This is a drop-in category of NSObject that makes it easy to initialize custom objects from JSON or XML (SOAP included), and to serialize those objects back into JSON/XML. It only requires a little bit of set-up - and then you never have to fuss with creating your own serialization and initialization methods for each custom NSObject ever again.
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README.md

NSObject+ObjectMap

This is a drop-in category of NSObject that makes it easy to initialize custom objects from JSON or XML (SOAP included), and to serialize those objects back into JSON/XML. It only requires a little bit of set-up - and then you never have to fuss with creating your own serialization and initialization methods for each custom NSObject ever again.

Version: 2.0

ScreenShot


Set-Up

The only step is to add NSObject+ObjectMap.{h,m} into your project. That's really it.


Working with JSON

Creating your Objects

This step requires knowing what the JSON coming back will look like. Examine your data source and create your custom NSObject classes to match this. For instance, say you have JSON coming back like this:

{
  Username : "Big Al",
  Password : "r0llt1d3",
	Color : "Crimson",
	Location : "Tuscaloosa, AL",
	Championships: 15
}

If this were the case, you would create your custom NSObject where its properties match this:

@property (nonatomic, retain) NSString *Username;
@property (nonatomic, retain) NSString *Password;
@property (nonatomic, retain) NSString *Color;
@property (nonatomic, retain) NSString *Location;
@property (nonatomic, retain) NSNumber *Championships;

The beautiful thing about this class is that, beyond basic Objective-C classes like NSString and NSNumber, it can handle any object that you create as well. Let's call the previous class definition User - and now let's make an object that has a User class object for a property.

// JSON snippet
{
	Name : "Bryant-Denny",
	CreatedByUser : {
		Username : "Big Al",
		Password : "r0llt1d3",
		Color : "Crimson",
		Location : "Tuscaloosa, AL",
		Championships: 15
	}
}

// Place.h
@property (nonatomic, retain) NSString *Name;
@property (nonatomic, retain) User *CreatedByUser;

NSObject+ObjectMap works by deserializing the JSON and matching the various keys in the JSON packet with the various properties of your objects you want to map to. The caveat of this design is that you must name your properties the exact same as the keys coming back or that property will be left uninitialized (nil) when the deserialization is done.

Working with Arrays

Unfortunately with JSON you're flying blind with regards to the type of objects encased in arrays, one more set up step is necessary for JSON deserialization to an NSObject. If your custom NSObject contains one or more NSArray(s), you need to create a custom init method for this object (or include the following code in your already created custom init). This method is creating an NSDictionary called propertyArrayMap with key/value pairs that match the property name (key) with the type of object you want the NSArray to contain (value). When the object is created from your JSON packet, and the property it is working on is an NSArray, it will check this dictionary to find what kind of objects it needs to create inside the array. Here's an example of setting it up:

// JSON snippet
{
	Name : "Billy",
	FavoriteColors : ["Red","Blue","Tangerine"],
	FavoritePeople : [{
		Name : "Jenny",
		FavoriteColors: [@"Orange","Black"],
		FavoritePeople: []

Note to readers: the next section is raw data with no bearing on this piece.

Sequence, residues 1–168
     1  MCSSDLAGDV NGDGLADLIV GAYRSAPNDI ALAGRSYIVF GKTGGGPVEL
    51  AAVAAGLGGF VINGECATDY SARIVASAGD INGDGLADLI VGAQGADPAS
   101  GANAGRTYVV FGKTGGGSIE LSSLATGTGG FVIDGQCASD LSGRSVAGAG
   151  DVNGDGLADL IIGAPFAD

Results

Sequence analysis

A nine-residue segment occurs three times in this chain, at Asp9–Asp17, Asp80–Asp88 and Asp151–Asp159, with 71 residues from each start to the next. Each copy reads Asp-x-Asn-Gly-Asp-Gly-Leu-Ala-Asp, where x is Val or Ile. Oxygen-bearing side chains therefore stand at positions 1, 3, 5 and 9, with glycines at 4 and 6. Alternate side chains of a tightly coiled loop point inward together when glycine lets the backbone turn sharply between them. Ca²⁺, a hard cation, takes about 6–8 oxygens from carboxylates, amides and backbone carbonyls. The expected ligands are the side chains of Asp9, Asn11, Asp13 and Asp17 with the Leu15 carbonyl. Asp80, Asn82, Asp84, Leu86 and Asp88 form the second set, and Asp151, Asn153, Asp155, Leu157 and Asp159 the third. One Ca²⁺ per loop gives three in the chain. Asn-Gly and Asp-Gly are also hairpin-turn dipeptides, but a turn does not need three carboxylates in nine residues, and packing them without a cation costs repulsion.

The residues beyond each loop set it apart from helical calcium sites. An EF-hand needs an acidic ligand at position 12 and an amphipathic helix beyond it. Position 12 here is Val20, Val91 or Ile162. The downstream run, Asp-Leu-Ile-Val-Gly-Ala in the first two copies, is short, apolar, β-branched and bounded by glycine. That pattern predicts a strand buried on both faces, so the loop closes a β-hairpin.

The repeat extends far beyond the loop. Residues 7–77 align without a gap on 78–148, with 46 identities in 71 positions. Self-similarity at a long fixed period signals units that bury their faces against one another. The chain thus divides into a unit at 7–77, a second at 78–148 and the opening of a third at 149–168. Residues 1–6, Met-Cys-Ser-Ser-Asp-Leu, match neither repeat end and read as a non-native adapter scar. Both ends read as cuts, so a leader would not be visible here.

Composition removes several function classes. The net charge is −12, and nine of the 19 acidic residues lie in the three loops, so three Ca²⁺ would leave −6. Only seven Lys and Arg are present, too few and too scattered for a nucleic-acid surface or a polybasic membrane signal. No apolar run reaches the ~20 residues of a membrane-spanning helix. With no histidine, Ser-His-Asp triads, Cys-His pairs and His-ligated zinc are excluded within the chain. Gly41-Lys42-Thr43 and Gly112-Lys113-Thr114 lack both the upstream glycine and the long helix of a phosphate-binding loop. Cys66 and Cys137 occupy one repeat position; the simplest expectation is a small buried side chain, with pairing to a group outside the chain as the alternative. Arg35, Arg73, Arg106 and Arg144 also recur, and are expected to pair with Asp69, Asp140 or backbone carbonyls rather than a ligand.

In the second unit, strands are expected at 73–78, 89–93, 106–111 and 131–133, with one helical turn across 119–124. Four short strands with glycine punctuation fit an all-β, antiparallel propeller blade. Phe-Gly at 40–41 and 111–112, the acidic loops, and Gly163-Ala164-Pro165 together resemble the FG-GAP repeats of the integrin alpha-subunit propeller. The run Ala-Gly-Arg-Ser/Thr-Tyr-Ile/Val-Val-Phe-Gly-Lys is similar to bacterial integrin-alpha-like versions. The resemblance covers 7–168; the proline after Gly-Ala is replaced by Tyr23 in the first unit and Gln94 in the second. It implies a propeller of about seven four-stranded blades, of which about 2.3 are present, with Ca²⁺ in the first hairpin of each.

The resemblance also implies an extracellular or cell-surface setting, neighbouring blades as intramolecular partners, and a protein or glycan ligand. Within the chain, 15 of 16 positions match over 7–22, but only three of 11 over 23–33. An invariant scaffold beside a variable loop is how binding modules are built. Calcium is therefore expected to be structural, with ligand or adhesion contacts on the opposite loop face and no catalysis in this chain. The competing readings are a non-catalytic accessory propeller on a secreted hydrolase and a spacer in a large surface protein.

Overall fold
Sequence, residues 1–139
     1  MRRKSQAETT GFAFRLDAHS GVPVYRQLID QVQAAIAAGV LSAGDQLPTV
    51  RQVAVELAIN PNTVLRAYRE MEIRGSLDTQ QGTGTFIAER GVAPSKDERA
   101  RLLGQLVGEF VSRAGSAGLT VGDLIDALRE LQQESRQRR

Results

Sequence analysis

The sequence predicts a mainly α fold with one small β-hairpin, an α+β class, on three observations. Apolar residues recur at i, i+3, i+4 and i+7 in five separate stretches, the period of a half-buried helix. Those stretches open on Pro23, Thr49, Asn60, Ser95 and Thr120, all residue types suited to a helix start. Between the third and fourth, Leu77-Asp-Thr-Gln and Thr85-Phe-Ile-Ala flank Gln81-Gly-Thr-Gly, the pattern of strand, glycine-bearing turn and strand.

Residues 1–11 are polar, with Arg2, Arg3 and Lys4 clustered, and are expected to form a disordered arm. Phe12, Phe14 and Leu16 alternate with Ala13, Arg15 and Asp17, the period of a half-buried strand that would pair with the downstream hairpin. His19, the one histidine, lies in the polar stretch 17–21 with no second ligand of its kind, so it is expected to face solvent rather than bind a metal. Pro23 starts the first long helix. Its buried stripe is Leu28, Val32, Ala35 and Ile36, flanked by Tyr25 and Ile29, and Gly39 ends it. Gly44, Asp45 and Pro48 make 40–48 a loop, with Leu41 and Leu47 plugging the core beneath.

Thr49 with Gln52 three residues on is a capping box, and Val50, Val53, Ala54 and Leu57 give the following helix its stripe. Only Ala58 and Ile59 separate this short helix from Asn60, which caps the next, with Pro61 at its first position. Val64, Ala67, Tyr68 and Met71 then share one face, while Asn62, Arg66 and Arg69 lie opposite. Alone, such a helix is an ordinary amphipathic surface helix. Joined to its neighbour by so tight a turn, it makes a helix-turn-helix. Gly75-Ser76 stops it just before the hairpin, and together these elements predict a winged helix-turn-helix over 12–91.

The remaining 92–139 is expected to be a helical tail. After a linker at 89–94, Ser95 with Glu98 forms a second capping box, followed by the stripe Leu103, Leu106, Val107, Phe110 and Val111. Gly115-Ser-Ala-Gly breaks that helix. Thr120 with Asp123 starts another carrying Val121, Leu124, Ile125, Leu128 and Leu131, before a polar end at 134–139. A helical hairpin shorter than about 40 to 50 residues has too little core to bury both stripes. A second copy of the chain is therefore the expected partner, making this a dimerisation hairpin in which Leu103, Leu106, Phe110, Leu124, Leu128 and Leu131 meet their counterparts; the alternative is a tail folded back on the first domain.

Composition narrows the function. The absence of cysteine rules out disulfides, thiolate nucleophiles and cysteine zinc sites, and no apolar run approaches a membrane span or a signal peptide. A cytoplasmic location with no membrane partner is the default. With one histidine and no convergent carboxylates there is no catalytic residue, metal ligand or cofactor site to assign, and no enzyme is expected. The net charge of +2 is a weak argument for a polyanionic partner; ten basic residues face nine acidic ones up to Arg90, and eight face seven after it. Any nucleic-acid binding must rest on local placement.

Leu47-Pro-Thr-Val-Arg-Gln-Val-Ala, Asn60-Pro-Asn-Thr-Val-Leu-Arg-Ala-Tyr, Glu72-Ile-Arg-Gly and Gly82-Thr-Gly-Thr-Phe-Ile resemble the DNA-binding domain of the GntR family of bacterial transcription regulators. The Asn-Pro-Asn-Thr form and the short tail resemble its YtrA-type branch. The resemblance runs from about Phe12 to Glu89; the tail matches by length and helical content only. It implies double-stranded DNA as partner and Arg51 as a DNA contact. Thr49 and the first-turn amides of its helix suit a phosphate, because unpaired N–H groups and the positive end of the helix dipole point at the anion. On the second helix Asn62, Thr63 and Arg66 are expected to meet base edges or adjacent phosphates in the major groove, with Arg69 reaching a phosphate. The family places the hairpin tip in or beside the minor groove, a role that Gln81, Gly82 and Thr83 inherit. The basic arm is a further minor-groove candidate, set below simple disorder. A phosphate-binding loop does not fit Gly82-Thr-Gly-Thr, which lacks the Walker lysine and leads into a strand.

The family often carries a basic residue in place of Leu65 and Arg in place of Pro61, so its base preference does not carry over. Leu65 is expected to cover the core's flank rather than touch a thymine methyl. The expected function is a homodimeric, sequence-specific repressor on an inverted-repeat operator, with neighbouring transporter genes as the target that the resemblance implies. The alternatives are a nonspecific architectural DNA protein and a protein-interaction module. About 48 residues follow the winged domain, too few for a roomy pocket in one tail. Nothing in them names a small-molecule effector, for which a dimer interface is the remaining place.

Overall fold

},{
		Name : "Ben",
		FavoriteColors: ["Silver","Emerald","Aquamarine"],
		FavoritePeople: []
	}]
}


// Person.h
@property (nonatomic, retain) NSString *Name;
@property (nonatomic, retain) NSArray *FavoriteColors;
@property (nonatomic, retain) NSArray *FavoritePeople;


// Person.m
-(id)init {
	self = [super init];
	if (self) {
		[self setValue:@"NSString" forKeyPath:@"propertyArrayMap.FavoriteColors"];
		[self setValue:@"Person" forKeyPath:@"propertyArrayMap.FavoritePeople"];
	}
	return self;
}

So in this example, we have a JSON string that represents a Person. This Person has a name and two array properties, FavoriteColors and FavoritePeople. FavoriteColors is an array of strings and FavoritePeople is an array of Person objects. As you can tell, the custom init method we created for Person.m sets the propertyArrayMap up to handle what type of object should be contained (in the setValue) and what key to match it to (forKeyPath). As with the other properties and keys mentioned earlier, make sure that these are spelled correctly for proper deserialization and object creation.

Going from JSON to Object

At this point, you should have your custom NSObjects created and your JSON data returning from a webservice, ready to be turned directly into those objects. Now for the easy part. Use the built in NSJSONSerialization methods to turn your JSON data into an NSDictionary or an NSArray, then we're going to pass that into a method that will return your custom NSObject from that. We're going to use the Person JSON snippet from earlier to illustrate this:

// JSON snippet
{
	Name : "Billy",
	FavoriteColors : ["Red","Blue","Tangerine"],
	FavoritePeople : [{
		Name : "Jenny",
		FavoriteColors: [@"Orange","Black"],
		FavoritePeople: []
	},{
		Name : "Ben",
		FavoriteColors: ["Silver","Emerald","Aquamarine"],
		FavoritePeople: []
	}]
}

// Turn that JSON into an NSDictionary, then into your Person object
// - jsonData is the NSData equivalent of the JSON snippet above.
NSData *jsonData;

// Now to create the Person object
Person *newPerson = [[Person alloc] initWithJSONData:jsonData];

Using an array almost the exact same, but instead of an NSDictionary returning from the JSON deserialization, you've received an NSArray. If this NSArray contains a bunch of Person objects, use the following method to create this array:

NSArray *peopleArray = [NSObject arrayOfType:[Person class] fromJSONData:jsonData];

Serializing Object to JSON